In it, the president talked about the many trials and tribulations of being King of ‘merica, and about all of the fun (garbled) and interesting people he has spent time with in an official capacity, including meeting with Japan prime minister Abe Shinzo (surname first) and his wife Akie.

The Abe’s have met with Trump and his wife Melania three times so far in the few months Trump has been in office:
  • at Andrew’s Air Force Base;
  • a weekend at Mar-a-Lago, Trump’s Florida home where the two leader’s played a round of golf;
  • and last week’s G20 summit in Germany.
Here’s what Trump had to say in that NY Times interview about that G20 summit's dinner:

TRUMP: So, it was tremendous media. And we took a picture of everybody, the wives and the leaders, and then the leaders, and, you know, numerous pictures outside on the river. Then everybody walked in to see the opera. Then the opera ended. Then we walked into a big room where they had dinner for not only the leaders — Lagarde (Christine Lagarde, managing director of the International Monetary Fund) was there, who I think is terrific, and various others. You had the E.U. people there, people other than just the leaders, but quite a few people. I would say you have 20 times two, so you had 40, and then you probably had another 10 or 15 people, you had Christine Lagarde, you had some others also.
So, I was seated next to the wife of Prime Minister Abe (Shinzo Abe of Japan), who I think is a terrific guy, and she’s a terrific woman, but doesn’t speak English.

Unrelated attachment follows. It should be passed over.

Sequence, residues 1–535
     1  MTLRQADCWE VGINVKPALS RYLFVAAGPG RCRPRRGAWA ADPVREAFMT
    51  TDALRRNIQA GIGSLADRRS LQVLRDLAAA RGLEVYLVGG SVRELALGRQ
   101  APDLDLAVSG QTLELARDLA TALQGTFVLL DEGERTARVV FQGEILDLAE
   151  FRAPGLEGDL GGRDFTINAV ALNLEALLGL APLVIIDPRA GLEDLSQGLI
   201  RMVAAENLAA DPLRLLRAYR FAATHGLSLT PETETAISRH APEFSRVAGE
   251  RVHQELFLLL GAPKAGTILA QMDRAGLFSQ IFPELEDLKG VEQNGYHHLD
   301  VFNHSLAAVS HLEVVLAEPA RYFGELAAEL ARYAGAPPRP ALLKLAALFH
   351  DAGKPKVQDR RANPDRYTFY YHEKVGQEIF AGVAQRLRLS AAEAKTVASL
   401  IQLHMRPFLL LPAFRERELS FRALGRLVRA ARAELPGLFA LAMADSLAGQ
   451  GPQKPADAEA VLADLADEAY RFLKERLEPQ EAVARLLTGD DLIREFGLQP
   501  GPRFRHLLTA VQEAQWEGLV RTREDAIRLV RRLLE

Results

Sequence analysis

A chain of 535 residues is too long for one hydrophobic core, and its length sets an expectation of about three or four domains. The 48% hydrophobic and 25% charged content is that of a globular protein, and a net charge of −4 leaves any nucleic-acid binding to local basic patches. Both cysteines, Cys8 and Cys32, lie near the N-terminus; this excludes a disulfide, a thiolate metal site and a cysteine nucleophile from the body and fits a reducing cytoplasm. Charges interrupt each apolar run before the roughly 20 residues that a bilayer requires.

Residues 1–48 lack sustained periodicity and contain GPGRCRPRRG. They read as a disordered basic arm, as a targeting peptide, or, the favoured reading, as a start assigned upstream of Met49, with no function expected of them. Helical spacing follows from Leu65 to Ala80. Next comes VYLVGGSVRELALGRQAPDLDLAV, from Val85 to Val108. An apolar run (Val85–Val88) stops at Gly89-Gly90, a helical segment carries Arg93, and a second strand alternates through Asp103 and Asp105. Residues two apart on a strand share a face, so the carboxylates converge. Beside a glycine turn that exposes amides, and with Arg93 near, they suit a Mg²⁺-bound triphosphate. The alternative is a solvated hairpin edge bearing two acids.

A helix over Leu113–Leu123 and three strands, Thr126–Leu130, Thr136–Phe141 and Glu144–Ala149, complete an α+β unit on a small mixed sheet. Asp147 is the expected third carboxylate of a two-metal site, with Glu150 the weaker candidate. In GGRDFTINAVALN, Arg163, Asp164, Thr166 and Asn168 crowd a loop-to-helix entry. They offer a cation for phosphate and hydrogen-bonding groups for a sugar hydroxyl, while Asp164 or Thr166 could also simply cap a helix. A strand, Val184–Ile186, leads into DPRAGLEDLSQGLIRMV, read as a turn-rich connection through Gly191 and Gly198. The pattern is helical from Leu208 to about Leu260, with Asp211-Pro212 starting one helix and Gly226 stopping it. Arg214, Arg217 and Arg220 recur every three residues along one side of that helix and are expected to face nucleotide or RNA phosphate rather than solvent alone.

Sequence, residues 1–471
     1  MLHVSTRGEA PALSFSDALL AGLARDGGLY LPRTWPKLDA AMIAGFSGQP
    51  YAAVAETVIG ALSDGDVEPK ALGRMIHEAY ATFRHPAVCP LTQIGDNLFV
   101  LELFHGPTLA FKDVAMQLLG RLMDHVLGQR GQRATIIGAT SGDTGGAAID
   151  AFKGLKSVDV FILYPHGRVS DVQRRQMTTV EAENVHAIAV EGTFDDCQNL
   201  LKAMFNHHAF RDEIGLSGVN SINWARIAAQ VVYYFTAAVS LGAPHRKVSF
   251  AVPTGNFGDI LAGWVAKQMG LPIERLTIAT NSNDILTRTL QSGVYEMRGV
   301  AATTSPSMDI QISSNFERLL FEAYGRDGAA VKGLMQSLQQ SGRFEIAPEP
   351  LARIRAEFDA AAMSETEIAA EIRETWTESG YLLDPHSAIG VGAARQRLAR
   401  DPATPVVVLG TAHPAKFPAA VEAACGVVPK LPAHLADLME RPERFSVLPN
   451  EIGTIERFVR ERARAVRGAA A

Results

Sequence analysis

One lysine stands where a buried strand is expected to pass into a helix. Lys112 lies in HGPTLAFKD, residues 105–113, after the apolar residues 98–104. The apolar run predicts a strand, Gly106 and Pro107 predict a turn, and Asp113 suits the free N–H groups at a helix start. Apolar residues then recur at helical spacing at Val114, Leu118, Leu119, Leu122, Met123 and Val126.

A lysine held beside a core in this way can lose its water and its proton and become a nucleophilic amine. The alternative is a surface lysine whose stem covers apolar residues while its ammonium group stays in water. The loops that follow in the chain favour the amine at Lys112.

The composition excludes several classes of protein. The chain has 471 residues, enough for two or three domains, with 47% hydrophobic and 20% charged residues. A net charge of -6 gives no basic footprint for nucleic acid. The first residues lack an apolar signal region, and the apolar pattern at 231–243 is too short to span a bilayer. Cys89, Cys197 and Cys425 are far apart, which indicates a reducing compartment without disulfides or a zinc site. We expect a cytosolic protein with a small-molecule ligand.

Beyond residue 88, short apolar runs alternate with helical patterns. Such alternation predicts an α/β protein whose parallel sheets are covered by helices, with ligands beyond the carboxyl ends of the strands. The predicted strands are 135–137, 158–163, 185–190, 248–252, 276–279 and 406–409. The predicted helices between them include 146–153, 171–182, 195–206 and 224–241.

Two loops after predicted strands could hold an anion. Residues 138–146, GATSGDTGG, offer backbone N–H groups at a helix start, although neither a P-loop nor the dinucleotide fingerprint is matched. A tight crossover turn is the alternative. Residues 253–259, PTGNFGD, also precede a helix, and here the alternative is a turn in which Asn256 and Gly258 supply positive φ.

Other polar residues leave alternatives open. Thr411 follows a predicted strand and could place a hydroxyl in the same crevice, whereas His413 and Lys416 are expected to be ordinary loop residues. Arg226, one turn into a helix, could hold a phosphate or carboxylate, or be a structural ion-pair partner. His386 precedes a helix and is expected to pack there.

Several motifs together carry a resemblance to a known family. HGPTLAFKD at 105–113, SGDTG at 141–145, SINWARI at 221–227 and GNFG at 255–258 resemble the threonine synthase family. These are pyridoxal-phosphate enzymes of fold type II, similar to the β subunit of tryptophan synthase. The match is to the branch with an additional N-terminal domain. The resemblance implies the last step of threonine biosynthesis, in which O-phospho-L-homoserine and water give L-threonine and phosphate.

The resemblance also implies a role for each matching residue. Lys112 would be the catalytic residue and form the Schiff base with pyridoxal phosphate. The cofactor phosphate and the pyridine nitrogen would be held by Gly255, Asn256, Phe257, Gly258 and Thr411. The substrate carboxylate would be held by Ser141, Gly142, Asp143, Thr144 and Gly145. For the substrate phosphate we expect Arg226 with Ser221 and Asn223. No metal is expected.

HABERMAN: Like, nothing, right? Like zero? 
TRUMP: Like, not “hello.” 
HABERMAN: That must make for an awkward seating. 
TRUMP: Well, it’s hard, because you know, you’re sitting there for—— 
TRUMP: So the dinner was probably an hour and 45 minutes.

That would suck, wouldn’t? Being stuck beside someone who can’t speak your language…if only someone could translate for you...

TRUMP continues: OK, so we’re sitting at this massive table. And the wives are separated from their husbands, which sometimes they do, sometimes they don’t. But they did. It’s always easier when they don’t do it, because you always have somebody to talk to, right? And I was sitting next to the president of Argentina — his wife — (Mauricio) Macri — nice woman, who speaks English. And the prime minister of Japan’s wife, Prime Minister Abe. Great relationships. So I’m sitting there. There was one interpreter for Japanese, ’cause otherwise it would have been even tougher. But I enjoyed the evening with her, and she’s really a lovely woman, and I enjoyed — the whole thing was good.

Hey, at least Trump has admiration for Abe and his wife Akie.

But here’s the thing… Abe Akie, wife of Japan prime minister Abe Shinzo… she can speak English.

She once talked baseball in fluent English with former U.S. president George W. Bush and first lady Laura, back in 2007—albeit about a Japanese ball player in the North American MLB.

Along with speaking with the wife’s of Canadian prime ministers Stephen Harper and current PM Justin Trudeau in English, Akie attended an elementary school audience in Virginia alongside former U.S. president first lady Michell Obama.

I won’t even mention her speech in front of business leaders in New York City. Oops.

Look at the photo at the very top of this blog... Akie is having a great time speaking to the masses - apparently no translation is necessary.

The fact that she chose NOT to speak English during that G20 dinner party… or apparently at any other time when around U.S. president Donald Trump (or else he would know she could speak English), is… interesting, to say the least.